Symons’s remark in his book about what women have and men want implied that heterosexual sex is a scarce resource for which men strive, compete, and pay; he repeated it to a TV interviewer in a singles’ bar, where men are more likely to pay for the drinks and where there is no such thing as a “men’s night”—letting men in for free to attract women as paying customers. Roy Baumeister and Kathleen Vohs summarized the broader evidence about what is clearly a market in another paper, “Sexual Economics.” Most prostitutes are women who overwhelmingly serve male customers, and almost all male prostitutes serve men as well. Women rarely pay for sex, and when they do it often involves the pretense of a romantic tryst; they demand something more than a simple hookup—which is what men are typically paying for. When the famous actor Charlie Sheen was found to have paid top dollar for sex with one of the socalled Hollywood Madam’s young women, many wondered, Why would a man who could have his pick of willing women for free pay $1,500 (about $2,500 in today’s dollars) to have one come to his room? Answer: He doesn’t pay her to come to his room. He pays her to leave.

Strip clubs overwhelmingly consist of women performing for mainly male customers, although some women attend, often with male dates. There are about four thousand of these clubs in the United States, employing some 400,000 women. The reverse situation, in which men strip for women, represents a very small fraction of these numbers. There are also strip clubs for gay men, but very few for lesbians.

Finally, coercive sex is overwhelmingly male; 99 percent of FBI arrests for rape are of men. It is not obvious that it has to be this way because males have to be aroused to have sex; women could force men or other women to give them oral sex under threat of violence, as men do with both male and female victims, or use dildos or other objects to rape men anally, to humiliate them, as men do to victims of both sexes. Such assaults by women are vanishingly rare. A small percentage of gang rapes of women involve both sexes, and a small percentage is perpetrated by groups of women. Rape occurs in some lesbian relationships, but with nothing resembling its frequency in heterosexual and gay male relationships.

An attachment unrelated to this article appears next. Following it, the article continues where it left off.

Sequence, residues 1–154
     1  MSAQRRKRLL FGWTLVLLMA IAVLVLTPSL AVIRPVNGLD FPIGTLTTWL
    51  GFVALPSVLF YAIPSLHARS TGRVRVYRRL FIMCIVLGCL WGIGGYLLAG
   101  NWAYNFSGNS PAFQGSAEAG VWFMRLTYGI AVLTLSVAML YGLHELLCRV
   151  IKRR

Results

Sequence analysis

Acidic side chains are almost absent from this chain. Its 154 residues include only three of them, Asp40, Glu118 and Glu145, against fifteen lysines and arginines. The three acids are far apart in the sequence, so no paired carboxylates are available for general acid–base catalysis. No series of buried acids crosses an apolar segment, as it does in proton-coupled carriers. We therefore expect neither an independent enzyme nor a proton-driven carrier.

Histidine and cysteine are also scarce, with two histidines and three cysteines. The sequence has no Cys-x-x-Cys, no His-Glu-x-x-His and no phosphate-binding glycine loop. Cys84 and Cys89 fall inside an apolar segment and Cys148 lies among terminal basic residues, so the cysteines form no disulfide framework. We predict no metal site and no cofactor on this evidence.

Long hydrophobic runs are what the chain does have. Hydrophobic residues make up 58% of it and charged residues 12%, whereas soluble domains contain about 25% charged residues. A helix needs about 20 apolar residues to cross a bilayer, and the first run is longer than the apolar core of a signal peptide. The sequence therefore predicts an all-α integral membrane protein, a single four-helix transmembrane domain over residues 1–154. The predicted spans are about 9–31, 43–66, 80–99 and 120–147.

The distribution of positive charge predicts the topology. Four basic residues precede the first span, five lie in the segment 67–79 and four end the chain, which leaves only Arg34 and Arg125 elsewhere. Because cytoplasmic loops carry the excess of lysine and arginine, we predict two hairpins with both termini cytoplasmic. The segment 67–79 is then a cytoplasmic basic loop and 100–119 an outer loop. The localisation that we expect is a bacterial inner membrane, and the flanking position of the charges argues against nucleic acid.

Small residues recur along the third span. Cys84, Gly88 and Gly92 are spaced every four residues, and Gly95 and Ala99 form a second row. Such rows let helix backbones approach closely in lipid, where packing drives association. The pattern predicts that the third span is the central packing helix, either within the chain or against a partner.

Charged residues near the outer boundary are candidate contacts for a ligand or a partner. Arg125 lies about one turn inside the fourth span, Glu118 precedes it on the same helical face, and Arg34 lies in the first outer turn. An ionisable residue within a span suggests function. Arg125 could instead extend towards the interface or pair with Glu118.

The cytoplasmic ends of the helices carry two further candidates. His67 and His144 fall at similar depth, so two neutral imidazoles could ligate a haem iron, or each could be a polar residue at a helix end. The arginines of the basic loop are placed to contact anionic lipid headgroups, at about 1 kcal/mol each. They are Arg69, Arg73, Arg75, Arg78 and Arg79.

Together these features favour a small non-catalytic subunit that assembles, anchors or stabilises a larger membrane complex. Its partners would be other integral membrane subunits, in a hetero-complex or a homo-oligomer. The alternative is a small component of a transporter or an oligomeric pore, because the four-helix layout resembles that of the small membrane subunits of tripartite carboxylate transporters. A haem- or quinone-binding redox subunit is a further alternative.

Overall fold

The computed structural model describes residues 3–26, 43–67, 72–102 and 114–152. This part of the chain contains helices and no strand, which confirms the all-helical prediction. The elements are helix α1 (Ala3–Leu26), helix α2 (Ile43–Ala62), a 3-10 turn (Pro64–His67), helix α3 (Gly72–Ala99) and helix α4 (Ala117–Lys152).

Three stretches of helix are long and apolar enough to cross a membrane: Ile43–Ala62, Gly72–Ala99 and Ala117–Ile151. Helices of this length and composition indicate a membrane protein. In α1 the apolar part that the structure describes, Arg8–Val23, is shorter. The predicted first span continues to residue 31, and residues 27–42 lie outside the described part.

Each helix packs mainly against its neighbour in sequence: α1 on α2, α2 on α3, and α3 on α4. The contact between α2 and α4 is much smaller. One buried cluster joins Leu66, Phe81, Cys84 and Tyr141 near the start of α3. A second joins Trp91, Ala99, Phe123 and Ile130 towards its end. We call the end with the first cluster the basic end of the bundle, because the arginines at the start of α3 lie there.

These are sound generalizations, not absolute rules. Some women do want sex as much as any man. Some men want little or none. There is nothing inferior about wanting it and nothing superior about not wanting it—although (despite the substantial minority with hypoactive sexual desire) women certainly have the potential for superior orgasmic capacity. But denial of the facts of human sexual nature as it applies to most men and women can only lead to confusion and, ultimately, to suffering. Male sexuality is driven. Men frequently want sex, period, while women tend to prefer it in the context of a relationship, a physical connection allied to an emotional one. Regardless of what I may privately desire, and regardless of how natural men’s needs may be, I can’t see that those divergent preferences are equally admirable.

To think that all these differences could result merely from cultural arrangements is naïve in the extreme. We now have overwhelming evidence that Elizabeth Cady Stanton’s “difference in man and woman”—by which she meant behavioral, psychological, and moral dispositions—is in part grounded in biology. Scientists once reticent in their assertions have become very bold. In 2011 the journal Frontiers in Endocrinology brought leading experts together. Psychologist Melissa Hines, for decades a respected researcher on the effects of prenatal hormones on gender, reaffirms their power but allows for two other newly proven influences: direct genetic effects on the brain, and the intrauterine environment. Neurobiologist Margaret McCarthy agrees that genes as well as hormones matter. She adds new evidence for how male and female become different in the hippocampus and amygdala—parts of the emotional brain outside the hypothalamus. Gender psychologists Sheri Berenbaum and Adriene Beltz show how exposure to high levels of prenatal androgens masculinizes later activity and occupational interests, sexual orientation, and some aspects of spatial ability, and they also find that pubertal hormones appear to influence gender identity and perhaps some male-female differences in psychiatric illness.